Jackson-based organic pet food supplier planning $100 million expansion

Monday, March 30, 2009

Miss Autumn's Barkery is planning a $100 million expansion into a portion of the 400-acre Southeast Missouri State University Technology Park that the business' owner said could bring between 100 and 200 jobs to the area.

Construction of the facility for the Jackson-based organic pet food supplier is expected to begin by the end of the year or early 2010, said Victoria McDowell, founder of the business. However, that depends on McDowell's success in getting stimulus funding.

"We're still in the early stages of this, and we still have a lot of details to work out," McDowell said. "The plant will create a facility using state-of-the-art, 21st-century technology that helps the planet and will also provide jobs. With the economy the way it is, Cape Girardeau and Jackson need manufacturing jobs."

Still in the preliminary stages, the plant would employ workers in occupations such as accounting, engineering, advertising and marketing. McDowell said analysis of labor studies would be conducted and salaries would be set once those survey results are complete.

The plant would also incorporate the use of renewable energy and equipment that recycles water. McDowell said the green features in the plant reflect the mission of the company and makes the project a leading candidate for stimulus funding.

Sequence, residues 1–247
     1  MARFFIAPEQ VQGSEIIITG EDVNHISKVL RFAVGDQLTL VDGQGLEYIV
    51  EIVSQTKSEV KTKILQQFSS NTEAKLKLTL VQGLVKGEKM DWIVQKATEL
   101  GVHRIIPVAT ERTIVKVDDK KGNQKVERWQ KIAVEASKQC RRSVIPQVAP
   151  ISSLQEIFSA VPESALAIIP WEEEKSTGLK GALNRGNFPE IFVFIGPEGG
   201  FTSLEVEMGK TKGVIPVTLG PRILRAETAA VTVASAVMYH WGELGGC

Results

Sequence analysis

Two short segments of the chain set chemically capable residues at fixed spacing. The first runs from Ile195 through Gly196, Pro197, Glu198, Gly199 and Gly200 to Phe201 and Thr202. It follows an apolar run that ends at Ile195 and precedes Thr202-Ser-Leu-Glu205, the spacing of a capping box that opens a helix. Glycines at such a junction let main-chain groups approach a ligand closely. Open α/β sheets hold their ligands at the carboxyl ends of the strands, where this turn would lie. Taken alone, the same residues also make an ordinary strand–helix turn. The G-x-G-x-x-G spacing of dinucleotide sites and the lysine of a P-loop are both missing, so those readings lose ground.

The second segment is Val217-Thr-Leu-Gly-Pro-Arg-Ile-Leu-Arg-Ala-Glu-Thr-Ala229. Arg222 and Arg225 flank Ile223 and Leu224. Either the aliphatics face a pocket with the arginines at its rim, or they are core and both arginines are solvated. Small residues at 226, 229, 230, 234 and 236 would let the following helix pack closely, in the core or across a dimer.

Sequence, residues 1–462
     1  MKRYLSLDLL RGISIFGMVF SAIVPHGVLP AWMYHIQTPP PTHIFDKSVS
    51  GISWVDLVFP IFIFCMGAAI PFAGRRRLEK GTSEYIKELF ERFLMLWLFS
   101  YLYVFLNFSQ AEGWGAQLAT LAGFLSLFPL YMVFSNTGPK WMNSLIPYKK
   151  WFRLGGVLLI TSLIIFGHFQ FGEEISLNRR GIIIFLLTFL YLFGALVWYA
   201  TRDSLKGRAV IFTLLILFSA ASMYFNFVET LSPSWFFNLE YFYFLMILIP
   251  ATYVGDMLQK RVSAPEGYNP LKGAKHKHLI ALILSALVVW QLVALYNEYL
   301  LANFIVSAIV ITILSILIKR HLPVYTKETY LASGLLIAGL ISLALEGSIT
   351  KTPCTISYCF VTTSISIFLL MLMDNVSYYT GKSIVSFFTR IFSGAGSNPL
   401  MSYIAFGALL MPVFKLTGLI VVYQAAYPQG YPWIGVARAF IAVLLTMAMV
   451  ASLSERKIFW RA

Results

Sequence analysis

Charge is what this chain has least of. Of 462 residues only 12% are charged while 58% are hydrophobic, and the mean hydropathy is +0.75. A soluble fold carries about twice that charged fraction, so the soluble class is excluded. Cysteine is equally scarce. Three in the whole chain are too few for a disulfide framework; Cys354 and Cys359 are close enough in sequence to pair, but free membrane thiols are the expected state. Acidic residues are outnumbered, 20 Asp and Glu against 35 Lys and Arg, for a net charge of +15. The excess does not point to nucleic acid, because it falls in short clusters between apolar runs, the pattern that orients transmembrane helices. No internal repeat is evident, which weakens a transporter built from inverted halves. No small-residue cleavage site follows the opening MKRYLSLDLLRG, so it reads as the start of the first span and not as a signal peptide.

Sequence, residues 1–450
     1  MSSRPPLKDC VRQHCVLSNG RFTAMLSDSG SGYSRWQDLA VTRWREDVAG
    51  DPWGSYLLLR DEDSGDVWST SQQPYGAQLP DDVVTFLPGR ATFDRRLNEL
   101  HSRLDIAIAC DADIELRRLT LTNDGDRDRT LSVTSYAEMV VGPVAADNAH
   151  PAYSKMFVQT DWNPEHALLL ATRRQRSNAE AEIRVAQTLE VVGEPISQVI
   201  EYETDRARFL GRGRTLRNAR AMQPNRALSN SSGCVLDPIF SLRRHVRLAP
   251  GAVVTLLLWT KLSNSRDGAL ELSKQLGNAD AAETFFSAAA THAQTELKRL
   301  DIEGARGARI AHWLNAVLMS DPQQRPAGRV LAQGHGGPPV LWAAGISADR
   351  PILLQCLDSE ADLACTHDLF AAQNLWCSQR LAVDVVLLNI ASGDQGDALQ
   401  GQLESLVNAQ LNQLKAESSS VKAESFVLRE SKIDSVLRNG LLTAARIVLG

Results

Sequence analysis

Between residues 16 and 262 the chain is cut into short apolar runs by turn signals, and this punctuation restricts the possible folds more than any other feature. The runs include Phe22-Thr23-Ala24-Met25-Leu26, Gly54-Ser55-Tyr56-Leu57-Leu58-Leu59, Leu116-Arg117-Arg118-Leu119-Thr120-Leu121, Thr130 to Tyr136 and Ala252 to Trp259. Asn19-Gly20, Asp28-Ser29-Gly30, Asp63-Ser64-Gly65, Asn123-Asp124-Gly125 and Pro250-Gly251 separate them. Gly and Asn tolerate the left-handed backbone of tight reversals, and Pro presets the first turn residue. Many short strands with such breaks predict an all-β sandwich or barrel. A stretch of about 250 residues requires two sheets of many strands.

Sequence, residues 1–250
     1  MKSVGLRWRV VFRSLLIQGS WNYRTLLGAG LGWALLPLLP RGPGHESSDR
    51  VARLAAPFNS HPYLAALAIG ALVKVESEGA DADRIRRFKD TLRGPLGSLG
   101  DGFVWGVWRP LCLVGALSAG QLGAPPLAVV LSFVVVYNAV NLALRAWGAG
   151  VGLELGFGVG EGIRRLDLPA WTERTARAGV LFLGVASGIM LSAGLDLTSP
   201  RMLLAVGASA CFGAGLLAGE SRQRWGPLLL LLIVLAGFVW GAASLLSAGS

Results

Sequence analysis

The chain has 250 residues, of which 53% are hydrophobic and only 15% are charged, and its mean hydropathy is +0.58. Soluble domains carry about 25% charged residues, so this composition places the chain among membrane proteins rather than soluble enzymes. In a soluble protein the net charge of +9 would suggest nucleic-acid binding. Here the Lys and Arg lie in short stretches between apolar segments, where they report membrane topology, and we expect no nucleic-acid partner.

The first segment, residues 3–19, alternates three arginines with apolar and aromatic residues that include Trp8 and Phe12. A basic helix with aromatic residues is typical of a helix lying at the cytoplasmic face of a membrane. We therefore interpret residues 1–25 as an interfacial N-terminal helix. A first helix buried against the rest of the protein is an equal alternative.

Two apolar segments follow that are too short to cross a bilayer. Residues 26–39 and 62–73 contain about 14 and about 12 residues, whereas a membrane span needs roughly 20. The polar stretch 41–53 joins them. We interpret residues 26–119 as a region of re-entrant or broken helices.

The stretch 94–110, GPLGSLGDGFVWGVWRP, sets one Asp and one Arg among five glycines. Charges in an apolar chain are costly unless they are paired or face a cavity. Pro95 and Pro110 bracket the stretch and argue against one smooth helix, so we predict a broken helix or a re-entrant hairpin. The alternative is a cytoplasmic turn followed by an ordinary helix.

Mitch Robinson, executive director of Cape Girardeau Area Magnet, said that although thousands of applications have been submitted to receive stimulus funds, the proposal is appealing for a number of reasons. He said as the process moves forward, Magnet would coordinate with local and state government in labor recruitment and getting a site.

"There's an incentive of educational opportunities with the tie-in of students and the green aspect that could land the stimulus money," Robinson said.

Cape Girardeau Mayor Jay Knudtson said he wrote a letter of support on McDowell's behalf to Gov. Jay Nixon and said the city may provide some incentives, though it is not known what those would be.

McDowell said the new facility would also give a boost to the mostly local suppliers she purchases her ingredients from, including Fruitland American Meat, which provides the buffalo found in some of the company's dog food.

Founded in 2006, Miss Autumn's Barkery makes dog foods and snacks, which are produced from all-natural, all-organic ingredients such as buffalo, turkey, free range eggs, sweet potatoes and whole-wheat flour. All dog food is placed in glass jars and is sold to retailers such as Schnucks.

"What we sell is what people can eat," McDowell said. "Organic costs more than regular dog food but your pet will be more healthy."

Dennis Roedemeier, executive director of the Missouri Research Corp. at Southeast, said the university would help McDowell with a marketing strategy and getting technology. While the unemployment rate is high and businesses are closing, Roedemeier said now is the time to expand.

"A lot of folks will say to stay back and be safe," Roedemeier said. "But when you are going to make your move in this market is when the larger and intermediate firms retreat.

"You then gain territory and grow faster because you're smaller," he said. "When the market catches up, the larger and intermediate companies will re-enter. And they'll see that you took a couple of hills while they were out."

bblackwell@semissourian.com

388-3628

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1105 Saddlebrooke Ridge, Jackson, MO

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